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    Sky Shooter

     

    When you are creating outdoor spherical panoramas, it often happens that the sky is really uninteresting, evenly blue or gray. One solution for this problem is to replace the boring sky with a new one, shot another day with fine clouds... So I constructed this small Lego robot, adapted to my Coolpix 990 + Fisheye FC-E8 to help me stock a few sky photographs (Some of them are available here)

    This robot has two parts: a finger that press shutter release when needed, and a screen that follows sun trajectory in the sky. This screen helps to eliminate reflections in lenses as shown below. One photograph cycle is performed every 10 minutes:

      1. Press the shutter to wake up camera (programmed to enter sleep mode after 30 seconds of inactivity to preserve batteries)
      2. Hide the shade below horizon and acquire one photograph with the sun
      3. Restore the shade between sun and lens, and get another image without sun and artifacts.

    The bright sun, reflected by the numerous lenses of fisheye adaptor, creates several artefacts, difficult to eliminate all.

    These artefacts disappear when the sun is masked

    The final image is obtained through blending of these images.

    The axle which supports the shade must be parallel to the earth axis, and makes one turn per 24 hours, thus following the sun. This requires some trimming of Skyshooter according to latitude of your place and period of the year.
     

    CAUTION: Exposing the CCD of your digital camera to direct sunlight for a long time WILL BURN IT. See for example what happened to Romuald who tried to create a sunset movie.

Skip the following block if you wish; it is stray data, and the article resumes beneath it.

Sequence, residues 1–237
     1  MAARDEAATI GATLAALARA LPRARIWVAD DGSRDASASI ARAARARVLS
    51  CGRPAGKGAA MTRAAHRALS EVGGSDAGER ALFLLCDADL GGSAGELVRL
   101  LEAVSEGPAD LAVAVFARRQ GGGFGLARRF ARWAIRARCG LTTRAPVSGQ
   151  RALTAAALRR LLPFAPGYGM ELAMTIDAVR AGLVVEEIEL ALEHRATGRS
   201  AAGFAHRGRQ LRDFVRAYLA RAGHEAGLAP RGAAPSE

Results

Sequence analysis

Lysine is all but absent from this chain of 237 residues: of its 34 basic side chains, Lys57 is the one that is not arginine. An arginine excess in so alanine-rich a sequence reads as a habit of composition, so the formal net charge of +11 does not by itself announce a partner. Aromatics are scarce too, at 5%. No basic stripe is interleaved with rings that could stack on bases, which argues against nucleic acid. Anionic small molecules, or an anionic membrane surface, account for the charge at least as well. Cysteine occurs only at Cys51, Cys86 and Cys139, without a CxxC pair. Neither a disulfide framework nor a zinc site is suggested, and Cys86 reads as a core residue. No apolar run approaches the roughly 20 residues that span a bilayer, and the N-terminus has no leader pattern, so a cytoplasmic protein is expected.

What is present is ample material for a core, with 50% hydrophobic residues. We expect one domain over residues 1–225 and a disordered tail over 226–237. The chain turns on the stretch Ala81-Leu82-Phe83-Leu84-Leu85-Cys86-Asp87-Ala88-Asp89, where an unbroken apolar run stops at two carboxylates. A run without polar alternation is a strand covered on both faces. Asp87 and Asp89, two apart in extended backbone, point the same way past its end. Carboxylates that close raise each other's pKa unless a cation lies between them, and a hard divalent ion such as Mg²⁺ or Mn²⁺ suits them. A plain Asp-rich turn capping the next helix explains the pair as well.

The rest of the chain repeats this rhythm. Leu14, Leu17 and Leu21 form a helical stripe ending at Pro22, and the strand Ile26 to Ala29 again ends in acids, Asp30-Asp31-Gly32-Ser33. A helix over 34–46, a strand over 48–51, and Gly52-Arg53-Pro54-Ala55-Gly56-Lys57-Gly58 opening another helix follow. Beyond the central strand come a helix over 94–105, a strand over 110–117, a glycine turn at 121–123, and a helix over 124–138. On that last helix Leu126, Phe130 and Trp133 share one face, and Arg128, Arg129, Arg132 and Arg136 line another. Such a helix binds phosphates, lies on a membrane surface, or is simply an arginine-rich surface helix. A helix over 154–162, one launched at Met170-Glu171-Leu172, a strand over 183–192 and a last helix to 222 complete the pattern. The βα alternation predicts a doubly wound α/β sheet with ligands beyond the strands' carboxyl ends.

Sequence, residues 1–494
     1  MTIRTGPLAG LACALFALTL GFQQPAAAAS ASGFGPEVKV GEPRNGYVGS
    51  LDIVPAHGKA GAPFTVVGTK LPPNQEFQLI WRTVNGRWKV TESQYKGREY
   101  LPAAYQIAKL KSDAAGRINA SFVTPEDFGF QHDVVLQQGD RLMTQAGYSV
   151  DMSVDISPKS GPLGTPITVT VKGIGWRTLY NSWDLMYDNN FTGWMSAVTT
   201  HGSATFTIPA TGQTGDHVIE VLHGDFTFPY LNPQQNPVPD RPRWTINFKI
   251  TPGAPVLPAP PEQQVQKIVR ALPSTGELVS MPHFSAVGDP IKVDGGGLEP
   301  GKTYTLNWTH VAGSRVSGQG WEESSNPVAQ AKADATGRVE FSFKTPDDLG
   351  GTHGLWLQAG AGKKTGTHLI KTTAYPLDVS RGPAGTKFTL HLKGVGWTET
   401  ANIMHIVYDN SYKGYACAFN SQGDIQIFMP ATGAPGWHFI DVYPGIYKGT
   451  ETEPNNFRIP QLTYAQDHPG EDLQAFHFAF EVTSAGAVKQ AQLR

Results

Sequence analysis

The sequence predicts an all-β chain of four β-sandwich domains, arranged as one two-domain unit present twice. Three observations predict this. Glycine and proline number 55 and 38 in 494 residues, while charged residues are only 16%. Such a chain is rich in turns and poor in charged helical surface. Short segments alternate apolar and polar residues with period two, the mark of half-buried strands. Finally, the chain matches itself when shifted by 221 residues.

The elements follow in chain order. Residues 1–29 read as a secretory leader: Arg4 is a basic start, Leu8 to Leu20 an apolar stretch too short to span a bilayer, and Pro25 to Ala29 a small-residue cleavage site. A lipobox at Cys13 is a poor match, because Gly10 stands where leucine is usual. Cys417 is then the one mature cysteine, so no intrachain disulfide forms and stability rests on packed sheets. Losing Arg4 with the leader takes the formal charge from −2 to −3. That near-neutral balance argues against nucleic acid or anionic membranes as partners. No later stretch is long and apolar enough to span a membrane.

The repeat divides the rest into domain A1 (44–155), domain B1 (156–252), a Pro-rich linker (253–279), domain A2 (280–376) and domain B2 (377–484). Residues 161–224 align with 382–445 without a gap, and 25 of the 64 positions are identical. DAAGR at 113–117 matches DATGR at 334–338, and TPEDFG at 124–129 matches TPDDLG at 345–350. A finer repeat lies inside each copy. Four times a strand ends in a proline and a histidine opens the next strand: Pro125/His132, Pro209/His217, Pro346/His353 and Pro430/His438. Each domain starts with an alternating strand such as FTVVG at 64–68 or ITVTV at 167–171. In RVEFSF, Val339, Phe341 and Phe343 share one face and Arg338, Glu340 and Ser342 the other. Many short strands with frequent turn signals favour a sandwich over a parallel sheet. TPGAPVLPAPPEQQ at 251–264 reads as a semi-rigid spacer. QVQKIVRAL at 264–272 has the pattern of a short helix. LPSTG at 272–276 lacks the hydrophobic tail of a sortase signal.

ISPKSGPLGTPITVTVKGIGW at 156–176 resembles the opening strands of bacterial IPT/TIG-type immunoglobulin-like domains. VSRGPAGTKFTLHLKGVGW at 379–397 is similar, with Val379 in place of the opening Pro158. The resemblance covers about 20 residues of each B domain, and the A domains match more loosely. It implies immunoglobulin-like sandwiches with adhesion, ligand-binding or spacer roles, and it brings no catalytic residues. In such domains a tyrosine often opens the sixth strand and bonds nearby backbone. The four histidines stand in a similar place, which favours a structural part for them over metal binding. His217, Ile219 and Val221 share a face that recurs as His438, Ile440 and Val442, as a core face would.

The LCD viewfinder of your camera gets its image from the CCD, so this one remains unprotected between shots. On the Coolpix 990, when you disable LCD viewfinder, a shutter protects the camera, but this may not be the case with YOUR camera.

    Take care too of exposing the black body of your camera to direct sunlight for extended period of time, as it could get unreasonnably HOT. Anyway, I can't be held responsible for any damage to your camera...

     

    SkyShooter and camera are placed on top of a telescopic, three sections, 6 meter pole...

    ...and the pole is installed through a roof window on my house first floor. This way, the camera is above almost all obstacles and can see an unobstructed entire sky. Only a few electricity pylons and my neighbour's tree needed some touching up.

    Here is the final result, after some Photoshop tweaking. Other skies can be obtained here.

    It's better to watch the weather ! Before I could get my camera down of the pole, I got this image showing the wonderful depth of field of fisheye lenses...

    Detail showing camera position. Fisheye lens must be fixed after inserting camera in SkyShooter.

    Small animation showing screen movement in October, between 1 and 4 pm. The sky was particularly uninteresting that day...

     

  • Step by step construction instructions
    Skyshooter can be built with - and only with - parts included in Robotics Invention System (1.5 or 2) plus one rotation sensor (included in Ultimate Accessory Kit, along with a remote control - very useful too !)
    LeoCad design files are available here.
  • Program
    Get program here.
  • Tuning and setup

    The axis which carry the shade arm must be parallel to earth rotation axis. To do that, the angle L must be equal to the latitude of your shooting site. This angle can be adjusted by varying A, B and C junction points. Take care to get point S on top of fisheye lens.

    SkyShooter must be oriented this way.

    With SkyShooter correctly oriented, adjust rotation of screen arm (depends on hour of the day) and length of the arm (depends on the season) so that the shadow of the screen covers center of fisheye lens. Then start the program. The position of the arm will be updated each time a new image is shot.

    Of course, I made this adjustements in the garden, with SkyShooter mounted on a tripod. When everything is ready, I climb upstairs and install the thingy on the pole (with RCX on to keep time)

    Don't forget to disable the auto-off function your RCX, and on the contrary set your camera to the shortest auto-off to preserve batteries. And read again the CAUTION notice above !

     

LEGO® MINDSTORMS® and Technic®MINDSTORMS® EV3/NXTMINDSTORMS SensorsLEGO® technical dataLDrawMiscellaneous LEGO®LEGO® & PhotographyPanoramic PhotographyPhoto GalleryHome